Daniel Palmer, Stolen
Web app writer John Bodine and his wife, Ruby, have a promising future. His game is an unmitigated success, and she’s a straight-A student. But Ruby is diagnosed with metastatic melanoma, and John’s cut-rate insurance doesn’t cover her treatment. So John, in an act of complete desperation, steals a prosperous player’s insurance details. Only after Ruby shows improvement does John discover: he’s identity-thefted a psychopath.
In his third novel, Daniel Palmer creates a psychological thriller that feels completely plausible, yet pushes the limits of human tolerance. He puts his characters through changes that threaten to break their souls, yet stays grounded in real-world needs and fears, so we believe this could be happening somewhere, right now. This back-and-forth creates tension that compels readers to persevere through some of the most cringe-inducing scenes I’ve read in years.
Early on, John strives to be Machiavellian, yet remains essentially trusting, unprepared for the fallout when Elliot Uretsky phones, demanding payback for his stolen identity. Uretsky demands that John, a game programmer, participate in a new game, which Uretsky calls Criminal. If John doesn’t commit the crimes Uretsky demands, bodies will fall. So John does what we would do, and calls Uretsky’s bluff. Only Uretsky isn’t bluffing.
Palmer keeps his protagonists pinched in a torturer’s grip, forced to commit increasingly heinous crimes, knowing the penalty for refusal is far worse. Yet John and Ruby aren’t helpless victims. The crimes Uretsky forces them to commit show them undiscovered reservoirs of strength. John and Ruby progress from passively resisting Uretsky’s demands, to openly defying him, to actively fighting back. The transformation is remarkable, but also plausible.
The story unfolds gradually, with a careful eye for detail. Palmer crafts his characters, and their relationships, in such a way that they feel fully rounded. We want to celebrate their triumphs, which seem few and far between. More important, as a psycho tortures Palmer’s protagonists, inventing increasingly elaborate crimes for them to endure, we suffer the tortures with them, and share their palpable relief when they reach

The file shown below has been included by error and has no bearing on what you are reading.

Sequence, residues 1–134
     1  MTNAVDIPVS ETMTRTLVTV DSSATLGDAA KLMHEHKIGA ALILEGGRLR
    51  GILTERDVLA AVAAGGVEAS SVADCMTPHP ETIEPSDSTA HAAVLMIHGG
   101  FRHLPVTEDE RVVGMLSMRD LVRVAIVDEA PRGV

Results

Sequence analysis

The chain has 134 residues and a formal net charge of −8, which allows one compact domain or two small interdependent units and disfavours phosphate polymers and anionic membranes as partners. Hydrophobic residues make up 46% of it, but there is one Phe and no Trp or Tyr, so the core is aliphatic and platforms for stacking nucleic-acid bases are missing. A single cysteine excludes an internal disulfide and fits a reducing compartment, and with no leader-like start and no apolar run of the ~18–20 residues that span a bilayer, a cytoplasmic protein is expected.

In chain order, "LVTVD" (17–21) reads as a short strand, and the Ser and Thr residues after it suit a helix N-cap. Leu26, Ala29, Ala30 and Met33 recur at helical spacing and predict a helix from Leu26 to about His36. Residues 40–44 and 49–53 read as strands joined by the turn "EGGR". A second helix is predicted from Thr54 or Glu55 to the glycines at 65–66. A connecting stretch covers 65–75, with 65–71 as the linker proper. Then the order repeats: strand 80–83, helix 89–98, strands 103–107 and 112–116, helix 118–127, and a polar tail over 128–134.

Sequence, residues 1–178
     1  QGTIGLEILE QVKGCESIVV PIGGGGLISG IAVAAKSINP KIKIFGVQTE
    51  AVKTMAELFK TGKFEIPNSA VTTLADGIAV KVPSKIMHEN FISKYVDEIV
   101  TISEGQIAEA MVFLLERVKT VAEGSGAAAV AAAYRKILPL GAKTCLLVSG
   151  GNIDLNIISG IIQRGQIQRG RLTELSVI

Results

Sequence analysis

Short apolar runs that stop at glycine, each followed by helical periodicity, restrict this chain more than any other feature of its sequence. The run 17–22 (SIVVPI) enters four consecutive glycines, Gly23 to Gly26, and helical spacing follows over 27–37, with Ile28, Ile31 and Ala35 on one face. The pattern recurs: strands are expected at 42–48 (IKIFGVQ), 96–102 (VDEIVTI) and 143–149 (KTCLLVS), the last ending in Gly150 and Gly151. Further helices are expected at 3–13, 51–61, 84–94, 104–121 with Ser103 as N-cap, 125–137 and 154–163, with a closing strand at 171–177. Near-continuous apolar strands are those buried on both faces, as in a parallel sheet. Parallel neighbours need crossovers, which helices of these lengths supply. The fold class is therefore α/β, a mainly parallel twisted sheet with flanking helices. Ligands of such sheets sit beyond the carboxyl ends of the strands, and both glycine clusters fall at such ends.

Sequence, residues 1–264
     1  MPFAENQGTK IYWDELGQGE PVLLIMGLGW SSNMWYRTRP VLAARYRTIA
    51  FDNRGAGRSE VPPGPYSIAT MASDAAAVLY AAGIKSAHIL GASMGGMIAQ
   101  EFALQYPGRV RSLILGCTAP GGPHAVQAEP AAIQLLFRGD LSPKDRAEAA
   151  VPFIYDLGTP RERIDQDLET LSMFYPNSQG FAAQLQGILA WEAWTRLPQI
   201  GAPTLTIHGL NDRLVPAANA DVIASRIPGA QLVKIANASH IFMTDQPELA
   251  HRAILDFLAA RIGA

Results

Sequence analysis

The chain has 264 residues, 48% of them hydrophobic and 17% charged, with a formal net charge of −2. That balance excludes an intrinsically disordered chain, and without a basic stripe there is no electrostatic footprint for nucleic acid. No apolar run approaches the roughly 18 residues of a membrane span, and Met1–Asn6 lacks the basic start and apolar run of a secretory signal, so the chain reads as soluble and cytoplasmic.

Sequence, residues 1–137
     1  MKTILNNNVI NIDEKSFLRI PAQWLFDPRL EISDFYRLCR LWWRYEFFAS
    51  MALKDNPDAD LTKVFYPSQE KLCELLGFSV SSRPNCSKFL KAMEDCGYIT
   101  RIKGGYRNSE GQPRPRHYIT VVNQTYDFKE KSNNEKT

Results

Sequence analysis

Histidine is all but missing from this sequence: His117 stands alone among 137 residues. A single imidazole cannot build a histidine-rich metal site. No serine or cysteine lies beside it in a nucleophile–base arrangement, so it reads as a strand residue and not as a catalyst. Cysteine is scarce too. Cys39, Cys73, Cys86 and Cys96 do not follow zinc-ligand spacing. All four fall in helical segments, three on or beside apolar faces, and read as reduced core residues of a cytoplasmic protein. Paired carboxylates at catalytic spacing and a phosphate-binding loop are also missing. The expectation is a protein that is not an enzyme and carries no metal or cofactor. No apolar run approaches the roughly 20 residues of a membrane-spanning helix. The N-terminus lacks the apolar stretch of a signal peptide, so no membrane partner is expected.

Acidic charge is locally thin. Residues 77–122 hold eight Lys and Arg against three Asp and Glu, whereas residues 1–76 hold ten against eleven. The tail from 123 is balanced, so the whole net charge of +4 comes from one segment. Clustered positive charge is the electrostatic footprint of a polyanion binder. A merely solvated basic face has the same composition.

the far end.
But don’t mistake this gradual progression for slowness. Palmer offsets his careful pace with brisk prose, broken into short chapters which culminate in jarring, cinematic revelations. John and Ruby’s story appears slow because John, our first-person narrator, feels compelled to share his psychological schism and rebirth. But he never bogs down or loses sight of us, the audience, waiting with bated breath for the next unpleasant discovery.
Uretsky, the villain, has a downright demonic nature, blending Hannibal Lecter and the Joker. He has created a game which he demands John and Ruby play, with its own inscrutable rules he makes them follow. Yet he’s scrupulous about those rules himself, even when it costs him the advantage. That doesn’t mean he makes himself vulnerable: he dances up to the knife’s edge of the rules, daring his victims to follow along.
Daniel Palmer had a successful career in digital marketing, before coming to writing in mid-life. But that doesn’t mean he started cold. His father, Michael Palmer, MD, has published sixteen bestselling medical thrillers. Like his father, Daniel Palmer has rooted his thriller in his field of professional training, mining the labyrinthine corridors of cyberspace for their stunning untapped potential.
But Palmer doesn’t stop with the obvious. His entire story forces audiences to ask themselves what crimes they would commit to prevent an even worse crime. Would you rob a business to stop a serial killer? Start a fire? Sell your body? And once you’ve crossed those boundaries, how do you stop when the person holding your soul hostage demands something even worse? Do we even have such a thing as a bottom limit?
Palmer’s frank willingness to torture his characters opens a well within his readers, as we wonder whether we could withstand such treatment. We know human character reveals itself not in what we say we’d do in some
hypothetical situation, but in what we actually do when our own irons are in the fire. As John and Ruby plunge further into Uretsky’s maelstrom of criminal demands, they also find profound strength.
Readers reach the end, with John and Ruby, wrung out, stretched past our limits, yet purged and renewed. Because Palmer does so well compelling us into his story, we, like John, feel reborn, right up to the moment we may just lose everything. And while we may escape the torture, we know we will never resume the status quo ante. Nothing will ever be the same again.